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Markets may rally on govt's economic booster package

  • Prime Minister Narendra Modi on Tuesday announced a 20 trillion stimulus package, which is about 10% of India's GDP
  • Leading US infectious disease expert Anthony Fauci warned that premature lifting of lockdowns could lead to more covid-19 outbreak

Indian stock markets are likely to surge on Wednesday as investors may cheer the economic stimulus package announced by Prime Minister Narendra Modi last night. Rally in SGX Nifty indicates that key domestic indices may see a strong opening.

Modi on Tuesday announced a 20 trillion ($265 billion) stimulus package, which is about 10% of India's GDP, to soften the devastating fallout of the covid-19-induced lockdown.

The finance ministry said public-sector banks (PSBs) sanctioned 5.95 trillion in loans to small businesses, retail, agriculture and corporate sectors between 1 March and 8 May.

Vedanta Ltd promoter Anil Agarwal will delist his mining and oil- and power-producing company from all bourses.

Maruti Suzuki India Ltd and Kotak Mahindra Bank Ltd will announce their March quarter results today.

Asian equities slipped in early deals as heightened concerns over covid-19 infections and the timing for a vaccine offset the lift from rebounding oil prices and upbeat corporate earnings in Europe.

Leading US infectious disease expert Anthony Fauci on Tuesday warned lawmakers that a premature lifting of lockdowns could lead to additional outbreaks of the deadly coronavirus, which has killed 80,000 Americans and brought the economy to its knees.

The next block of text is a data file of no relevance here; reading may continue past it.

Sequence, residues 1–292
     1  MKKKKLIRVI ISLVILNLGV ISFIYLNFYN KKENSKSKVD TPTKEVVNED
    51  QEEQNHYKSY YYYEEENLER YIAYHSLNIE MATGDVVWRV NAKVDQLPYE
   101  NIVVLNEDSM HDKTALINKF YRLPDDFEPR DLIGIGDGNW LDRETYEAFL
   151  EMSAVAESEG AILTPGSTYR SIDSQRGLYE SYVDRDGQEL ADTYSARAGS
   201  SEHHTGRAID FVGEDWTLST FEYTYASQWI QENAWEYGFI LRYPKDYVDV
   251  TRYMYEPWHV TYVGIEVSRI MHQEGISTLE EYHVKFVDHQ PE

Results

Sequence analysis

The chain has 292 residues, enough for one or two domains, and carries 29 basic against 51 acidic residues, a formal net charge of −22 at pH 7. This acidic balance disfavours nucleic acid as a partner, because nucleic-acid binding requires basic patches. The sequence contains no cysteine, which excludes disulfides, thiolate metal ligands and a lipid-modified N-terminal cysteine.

US stocks dragged equity benchmarks lower after Fauci's remarks, who also said there was unlikely to be a treatment or vaccine in place by late August or early September. On Wall Street, the Dow Jones Industrial Average fell 1.89%, the S&P 500 lost 2.05% and the Nasdaq Composite dropped 2.06%.

The cautious mood was not helped by proposed legislation by a leading US Republican senator that would authorise President Donald Trump to impose sanctions on China if it fails to give a full account of events leading to the outbreak of the coronavirus. The bill would give the president authority to impose a range of sanctions, including freezing assets, travel bans and visa revocations, as well as restrictions on loans to Chinese businesses by US institutions and ban on US listings by Chinese firms.

Stock markets have rebounded sharply in recent weeks as the spread of the novel coronavirus slowed in some countries in Asia and Europe, while parts of the US economy began to reopen after weeks of lockdowns.

In commodity markets, oil prices rose after OPEC's de facto leader, Saudi Arabia, said it would increase supply curbs in June, while other members of the oil-producing group said they want to extend the deep cuts reached in April for a longer period than originally agreed.

The US West Texas Intermediate (WTI) crude futures settled at $25.78 a barrel, up $1.64, or 6.8%. Brent crude futures settled at $29.98 a barrel, gaining 35 cents, or 1.2%.

The dollar fell on Tuesday as the mood turned cautious a day ahead of US Federal Reserve Chairman Jerome Powell's speech on economic issues and as investors weighed the chances of negative interest rates in the world's largest economy.

Safe-haven assets such as government bonds moved higher as investors edged away from riskier investments. The benchmark 10-year US Treasury notes last rose 15/32 in price to yield 0.6795.

Reuters contributed to the story.

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